Suppose the user searches for 'high blood pressure'. The IR system may also search for 'hypertension' and 'hypertension, renal'. This is called query expansion. Query expansion usually involves pre-generating a suitable thesaurus using term clustering.

    When a query has multiple terms, some terms may be more important than others. This is done by term weighting. TF-IDF is a popular approach.

    To improve IR performance, relevance feedback can be used, typically in VSM. User is shown a small set of retrieved documents to get feedback on what's relevant and what's not. The IR system then refines the query to improve performance.

  • What are some useful resources on Information Retrieval?
    Some collections for IR research. Source: Melucci 2015, slide 47.
    Some collections for IR research. Source: Melucci 2015, slide 47.

    Greengrass (2000) offers a comprehensive survey of IR. Nyamisa et al. (2017) is another survey paper. Zhou et al. (2006) introduces basic terms and concepts. There's also a comprehensive online IR glossary.

    Stanford University's CS276 course on IR is worth studying. Among the books for IR, you can look into Manning et al. (2009), Croft et al. (2015) and Frakes et al. (1992).

    For IR research, you'll need collections. Wiki Small/Large and CACM collections are available for free download. TIPSTER Complete is another useful collection. Other important collections include the Cranfield collection, TREC, GOV2, Reuters-21578, Reuters-RCV1, and 20 Newgroups. For cross-language IR, there's NTCIR and CLEF.

    To keep track of latest developments, ACM's Special Interest Group on Information Retrieval (SIGIR) is the place to visit.


Search plate containing 'GE MN' looks for documents that match this metadata. Source: Goldberg 1931.

Emanuel Goldberg receives a US patent for a machine that does information retrieval. The machine is opto-electric in nature. Light is passed through a negative search plate containing the search terms. Document matches are picked up by activating a photoelectric cell. All matches are recorded on a photographic plate.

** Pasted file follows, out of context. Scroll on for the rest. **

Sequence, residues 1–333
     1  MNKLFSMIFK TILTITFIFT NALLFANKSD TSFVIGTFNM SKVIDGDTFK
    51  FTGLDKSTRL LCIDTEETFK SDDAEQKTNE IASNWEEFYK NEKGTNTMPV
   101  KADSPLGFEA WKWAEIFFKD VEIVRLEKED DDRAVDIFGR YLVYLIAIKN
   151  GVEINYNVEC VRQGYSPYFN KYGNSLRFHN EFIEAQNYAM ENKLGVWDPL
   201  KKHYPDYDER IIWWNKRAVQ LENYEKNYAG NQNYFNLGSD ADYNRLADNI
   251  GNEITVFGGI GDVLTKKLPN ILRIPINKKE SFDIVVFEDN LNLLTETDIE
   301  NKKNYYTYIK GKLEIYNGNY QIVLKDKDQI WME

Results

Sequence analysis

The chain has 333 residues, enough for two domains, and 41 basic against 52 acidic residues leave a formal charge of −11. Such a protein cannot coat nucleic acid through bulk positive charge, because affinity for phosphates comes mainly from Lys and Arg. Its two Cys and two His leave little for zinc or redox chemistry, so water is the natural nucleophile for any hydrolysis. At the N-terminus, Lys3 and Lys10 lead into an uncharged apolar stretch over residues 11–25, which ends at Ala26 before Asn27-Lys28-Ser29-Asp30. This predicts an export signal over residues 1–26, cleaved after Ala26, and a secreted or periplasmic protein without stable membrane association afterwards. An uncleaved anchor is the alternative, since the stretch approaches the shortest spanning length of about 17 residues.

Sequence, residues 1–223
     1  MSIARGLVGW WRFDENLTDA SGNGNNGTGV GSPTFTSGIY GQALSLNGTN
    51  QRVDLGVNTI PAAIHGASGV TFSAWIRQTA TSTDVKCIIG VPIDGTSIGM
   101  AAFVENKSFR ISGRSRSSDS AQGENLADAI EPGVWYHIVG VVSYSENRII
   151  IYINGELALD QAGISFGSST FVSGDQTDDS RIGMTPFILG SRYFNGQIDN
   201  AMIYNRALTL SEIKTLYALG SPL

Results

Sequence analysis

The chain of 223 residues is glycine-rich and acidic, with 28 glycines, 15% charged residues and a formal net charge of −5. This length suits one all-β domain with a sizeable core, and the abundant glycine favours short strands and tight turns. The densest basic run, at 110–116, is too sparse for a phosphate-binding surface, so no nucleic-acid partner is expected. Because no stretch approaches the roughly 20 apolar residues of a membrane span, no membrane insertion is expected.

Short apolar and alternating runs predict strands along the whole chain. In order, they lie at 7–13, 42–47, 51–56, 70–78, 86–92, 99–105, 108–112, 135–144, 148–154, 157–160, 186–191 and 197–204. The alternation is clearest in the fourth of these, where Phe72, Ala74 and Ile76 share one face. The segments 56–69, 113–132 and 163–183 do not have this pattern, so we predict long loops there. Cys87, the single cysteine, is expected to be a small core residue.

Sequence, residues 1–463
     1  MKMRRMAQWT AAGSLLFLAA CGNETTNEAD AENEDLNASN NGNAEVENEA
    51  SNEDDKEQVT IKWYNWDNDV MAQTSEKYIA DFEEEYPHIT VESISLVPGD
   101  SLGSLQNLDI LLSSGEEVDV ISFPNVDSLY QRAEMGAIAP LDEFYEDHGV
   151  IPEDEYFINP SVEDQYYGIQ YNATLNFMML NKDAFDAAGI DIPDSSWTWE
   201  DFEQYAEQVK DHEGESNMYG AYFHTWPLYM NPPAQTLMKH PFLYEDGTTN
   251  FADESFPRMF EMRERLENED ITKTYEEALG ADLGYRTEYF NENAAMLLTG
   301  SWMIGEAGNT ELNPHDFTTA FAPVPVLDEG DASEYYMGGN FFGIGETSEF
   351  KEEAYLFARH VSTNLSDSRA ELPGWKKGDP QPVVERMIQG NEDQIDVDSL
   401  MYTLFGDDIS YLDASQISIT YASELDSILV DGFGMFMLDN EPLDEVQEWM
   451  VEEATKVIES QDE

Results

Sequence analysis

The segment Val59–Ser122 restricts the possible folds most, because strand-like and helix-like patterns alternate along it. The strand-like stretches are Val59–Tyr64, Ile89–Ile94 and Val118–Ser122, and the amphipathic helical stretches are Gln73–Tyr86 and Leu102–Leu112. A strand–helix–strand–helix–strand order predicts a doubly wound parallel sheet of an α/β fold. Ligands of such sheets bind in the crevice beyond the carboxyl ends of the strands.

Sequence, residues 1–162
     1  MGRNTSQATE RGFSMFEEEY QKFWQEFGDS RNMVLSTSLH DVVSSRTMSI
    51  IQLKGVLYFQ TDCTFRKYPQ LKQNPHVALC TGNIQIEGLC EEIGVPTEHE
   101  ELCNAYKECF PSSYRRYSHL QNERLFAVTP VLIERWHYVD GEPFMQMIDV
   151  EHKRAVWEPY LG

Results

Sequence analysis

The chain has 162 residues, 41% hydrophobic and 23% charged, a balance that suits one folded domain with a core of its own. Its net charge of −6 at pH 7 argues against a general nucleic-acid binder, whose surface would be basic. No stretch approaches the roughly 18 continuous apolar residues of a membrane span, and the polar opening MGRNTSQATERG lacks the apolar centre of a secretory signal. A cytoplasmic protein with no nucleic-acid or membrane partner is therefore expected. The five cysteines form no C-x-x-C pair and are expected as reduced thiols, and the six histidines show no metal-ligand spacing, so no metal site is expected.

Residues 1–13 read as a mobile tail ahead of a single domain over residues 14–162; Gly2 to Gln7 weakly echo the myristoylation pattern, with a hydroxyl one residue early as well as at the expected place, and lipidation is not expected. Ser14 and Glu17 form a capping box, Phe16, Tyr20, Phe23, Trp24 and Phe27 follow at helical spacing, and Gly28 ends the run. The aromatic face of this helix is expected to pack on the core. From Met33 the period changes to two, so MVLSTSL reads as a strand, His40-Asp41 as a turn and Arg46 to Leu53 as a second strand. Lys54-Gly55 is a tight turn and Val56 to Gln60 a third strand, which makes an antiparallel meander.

Calvin Mooers coins the term Information Retrieval.

Punched holes of search card must match with those of record cards. Source: Luhn 1952, pp. 7.

H. P. Luhn describes an early IR system from IBM. It makes use of punched cards and a photoelectric scanning unit. Information is indexed and encoded into record cards. A query is input as a search card. Plug connections on a switchboard control how search terms are to be combined. This is therefore one of the earliest implementations of the Boolean Model for IR.

A dictionary of notions to aid information retrieval. Source: Luhn 1957, fig. 2.

H. P. Luhn proposes a statistical approach to IR. Content can be identified based on the frequency of occurrence of words. This also means that documents can be indexed automatically based on the words they contain. This is therefore the first attempt at automatic indexing. The system uses statistical information to group words into "notional" families.


Cavin Mooers notes that often using information is not rewarded. Those who are at work are seen as getting the job done rather than fussing about information. Having information means you have to read it, understand it, store it carefully and make decisions based on it. These observations lead Mooers to define Mooers' Law,

An information retrieval system will tend not to be used whenever it is more painful and troublesome for a customer to have information than for him not to have it.

Maron and Kuhns publish a paper titled On Relevance, Probabilistic Indexing and Information Retrieval. Where previous IR systems returned matching documents, the idea in this paper is to rank documents by computing probability of relevance. The paper also introduces the notion of query expansion. In years to come, this goes on to become one of the most influential papers in the field of IR.


Salton and Lesk propose SMART retrieval system. It goes beyond Luhn's work of 1957. It uses the original search words along with their word stems. It uses synonym dictionaries to account for variations in vocabulary. It uses relations between words and surrounding words to determine the nature of content. Over the years, the SMART system develops or uses many important concepts such as vector model, term weighting, relevance feedback, and cosine similarity measure.